[Please read my disclosure statement on product reviews.]
[ Updated with comments from Timothy Standing, the programmer of SoftRAID, July 21, 2014. I am grateful for his comments. ]
After I wrote my initial review of the OWC ThunderBay 4 Thunderbolt 2 RAID, the folks at OWC sent me some SSD drives to showcase the speeds this unit is capable of.
So, because I’d already written my initial review (I like the unit), I decided to focus exclusively on performance in this review and look at how the different ways we configure the RAID can make a difference on performance.
In this article, I’ll look at both SSD and standard hard disks – and, along the way, I discovered some big surprises.
Unit tested: OWC ThunderBay IV (4-bay JBOD)
MSRP: $949 (12 TB spinning media) — $1,299 (1 TB SSD)
I’m doing all my testing on a late 2013 iMac. Speeds will improve somewhat if you are using a new MacPro and will be reduced somewhat on older systems. However, the speed relationships as you compare different RAID levels and settings will remain the same.
UPDATE – July 21, 2014
I just learned that my new iMac still only has Thunderbolt 1 ports on it. Currently, only the Retina MacBook Pro and new Mac Pro support Thunderbolt 2.
NOTE: My initial review of the OWC ThunderBay unit was done on a 2012 iMac. You can read my first review here to compare the performance between these two iMacs.
The drives are all 3 TB Toshiba drives, provided with the unit by OWC. (I will refer to these as “spinning media,” in contrast to the SSD (Solid State Drives) that I’ll be testing later in this review.
Speeds are measured using Blackmagic Design’s Disk Speed Test. All drives are empty.
NOTE: As drives fill with data, they slow down. As drives get within 20% of full, they slow down significantly. These results should be considered “best case.”
I’m using OS X 10.9.4, the current version of Disk Utility and the B15 release of SoftRAID.
NOTE: There is no indication on the OWC website, but the RAID unit offered for sale is the JBOD version. If you need to create a RAID 5, which requires SoftRAID, please talk to a sales rep at OWC before purchasing the unit to make sure you are purchasing the right version.
UPDATE – TIM STANDING
You are right that the files at the end of a disk read and write much more slowly than at the beginning. We recommend that video editors use only the first 30-50% of each disk for there performance critical work. SoftRAID has the ability to resize a volume, even one with files on it. This allows users to take their existing RAID 5 volume and shrink it down so that they are no longer using the slower part of each disk.
Larry asks: Can we partition the array into a “fast” partition for active editing and a “slow” partition for general storage?
Tim replies: Yes, when you create a volume which uses less than the entire disk, SoftRAID uses the fastest part first. So you can just take a set of disks, make a first volume with 30 – 50% of the Max size (the fast volume) and then go and create a volume with the rest. In my testing, if a volume at the beginning of the disk gives you 500 MB/sec a volume at the end will give you around 330 MB/sec. The real slowdown happens in the last 30%. The first 30% is pretty much the same speed.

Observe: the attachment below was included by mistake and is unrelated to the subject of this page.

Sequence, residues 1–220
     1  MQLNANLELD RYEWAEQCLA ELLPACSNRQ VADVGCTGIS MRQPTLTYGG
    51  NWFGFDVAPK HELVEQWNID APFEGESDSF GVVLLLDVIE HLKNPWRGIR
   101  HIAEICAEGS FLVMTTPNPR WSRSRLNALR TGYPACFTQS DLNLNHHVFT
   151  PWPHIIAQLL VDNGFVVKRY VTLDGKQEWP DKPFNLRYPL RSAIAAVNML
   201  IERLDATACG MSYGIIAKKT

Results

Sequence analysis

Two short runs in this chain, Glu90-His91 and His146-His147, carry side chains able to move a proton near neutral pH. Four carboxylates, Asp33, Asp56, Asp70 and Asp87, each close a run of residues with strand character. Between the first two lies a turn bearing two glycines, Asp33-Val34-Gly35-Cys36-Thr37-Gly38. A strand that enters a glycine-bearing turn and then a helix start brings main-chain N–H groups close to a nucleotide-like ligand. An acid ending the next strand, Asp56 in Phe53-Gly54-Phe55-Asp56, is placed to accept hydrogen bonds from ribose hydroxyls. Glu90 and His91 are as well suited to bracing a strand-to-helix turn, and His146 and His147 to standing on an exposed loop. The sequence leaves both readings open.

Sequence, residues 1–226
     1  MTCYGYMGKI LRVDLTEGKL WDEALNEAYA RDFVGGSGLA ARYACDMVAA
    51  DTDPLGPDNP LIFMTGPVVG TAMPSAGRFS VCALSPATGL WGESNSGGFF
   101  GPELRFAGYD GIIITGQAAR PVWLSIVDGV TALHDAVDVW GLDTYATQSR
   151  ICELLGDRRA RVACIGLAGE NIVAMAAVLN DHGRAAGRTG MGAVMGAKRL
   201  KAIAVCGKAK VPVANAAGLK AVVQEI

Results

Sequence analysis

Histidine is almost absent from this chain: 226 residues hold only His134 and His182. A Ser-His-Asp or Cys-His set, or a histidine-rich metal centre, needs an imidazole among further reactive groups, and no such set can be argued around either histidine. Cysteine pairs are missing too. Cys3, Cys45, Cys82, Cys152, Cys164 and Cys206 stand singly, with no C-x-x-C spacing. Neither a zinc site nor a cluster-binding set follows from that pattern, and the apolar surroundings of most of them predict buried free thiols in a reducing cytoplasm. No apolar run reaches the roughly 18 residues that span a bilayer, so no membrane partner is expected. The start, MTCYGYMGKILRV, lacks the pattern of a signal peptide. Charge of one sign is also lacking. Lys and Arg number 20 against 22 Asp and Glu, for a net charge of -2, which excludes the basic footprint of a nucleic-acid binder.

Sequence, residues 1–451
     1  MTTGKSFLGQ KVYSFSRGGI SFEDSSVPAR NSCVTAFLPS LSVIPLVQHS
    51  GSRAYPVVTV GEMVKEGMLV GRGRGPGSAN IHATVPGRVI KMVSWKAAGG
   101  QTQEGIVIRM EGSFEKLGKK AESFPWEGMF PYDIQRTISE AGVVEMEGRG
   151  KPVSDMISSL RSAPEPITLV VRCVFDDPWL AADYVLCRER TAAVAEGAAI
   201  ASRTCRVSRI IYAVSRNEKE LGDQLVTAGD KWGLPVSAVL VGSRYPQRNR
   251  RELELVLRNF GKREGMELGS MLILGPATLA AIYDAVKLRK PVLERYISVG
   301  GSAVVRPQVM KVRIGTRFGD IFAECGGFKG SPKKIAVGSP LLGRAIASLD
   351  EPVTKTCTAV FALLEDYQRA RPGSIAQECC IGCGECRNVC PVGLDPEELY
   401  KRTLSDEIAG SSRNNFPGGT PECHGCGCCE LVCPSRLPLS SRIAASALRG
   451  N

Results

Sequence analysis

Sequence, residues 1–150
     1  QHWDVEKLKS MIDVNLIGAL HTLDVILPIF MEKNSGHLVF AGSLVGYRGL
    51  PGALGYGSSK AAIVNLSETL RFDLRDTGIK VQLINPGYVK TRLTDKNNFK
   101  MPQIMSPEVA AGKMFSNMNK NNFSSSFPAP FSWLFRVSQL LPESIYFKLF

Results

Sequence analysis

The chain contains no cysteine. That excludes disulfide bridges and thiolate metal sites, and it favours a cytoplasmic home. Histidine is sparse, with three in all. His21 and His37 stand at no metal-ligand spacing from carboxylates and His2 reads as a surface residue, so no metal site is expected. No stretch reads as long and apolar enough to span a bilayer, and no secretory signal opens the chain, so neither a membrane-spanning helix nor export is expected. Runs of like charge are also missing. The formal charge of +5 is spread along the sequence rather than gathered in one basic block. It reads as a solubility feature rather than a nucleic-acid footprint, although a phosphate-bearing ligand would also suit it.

ADDITIONAL TECHNICAL BACKGROUND
It isn’t intuitive, but hard disks and RAIDs can be optimized for different purposes. For instance, video requires very large files, audio requires medium-sized files, while databases send small bursts of data into the master database.
A technical setting called “stripe size” configures the hard disk, or RAID, for a specific purpose. While there are a number of options, here are the three recommended choices from SoftRAID.
Most of the time, the default stripe size of 128 KB will be fine – especially if you are working with a variety of files. For reasons I’ll illustrate shortly, I’m testing these RAIDs using the default stripe size of 128 KB.
The SoftRAID program, which is available at extra cost as part of the OWC ThunderBay RAID, provides single-menu access to optimizing the drive for specific purposes.
NOTE: While RAIDs are the best choice for video production, many times, configuring the individual drives in a RAID as separate drives(called a “JBOD”) is often better for audio production; especially when you are creating music using sampling. While JBODs don’t have any data redundancy, they will have much faster performance when you need to access lots of small files all at once; which is what is required when playing back a multitrack music project.
UPDATE – TIM STANDING
You write that audio files require lots of simultaneous i/o to many small files. If [an editor] can accept slower write performance, then a RAID 5 volume would be great for audio files. RAID 5 volumes have awesome read performance even for simultaneous i/o to lots of small files (the read performance for a 4 disk RAID 5 volume will be very close to that of a 3 disk stripe (RAID 0) volume). This is true even if the volume is degraded (i.e. one of the disks is missing).
While writing to many small files simultaneously to a RAID 5 volume is much slower than that of large files, it is often faster than writing to a single disk. When duplicating a folder of 100,000 files, each 128 KB in size, a RAID 5 volume is actually 1.5 times as fast as a non-RAID volume.
Audio editors [should also consider] a RAID 1+0 volume with a larger stripe unit size. If you are trying to read many small files at once, a RAID volume is much better than a non-RAID volume as long as the read size is smaller than the stripe unit size. So if you’re streaming 8 audio files and reading 64 kb blocks from each file, then a stripe unit size larger than 64 kb would be best.
If the program is smart enough to buffer larger chunks of audio, then a RAID 5 volume would give you the best performance as it would burst the data into the program’s cache almost twice as fast as a RAID 1+0 volume.
With RAID 4 and RAID 5 volumes, the stripe unit size is set at 16 kb. It was an architectural decision I made. I think it is the right one.
Data Redundancy. The ability to recover your data in the event a drive crashes or dies. While all drives can (and should) be backed up, data redundancy allows you to recover data from a hardware failure.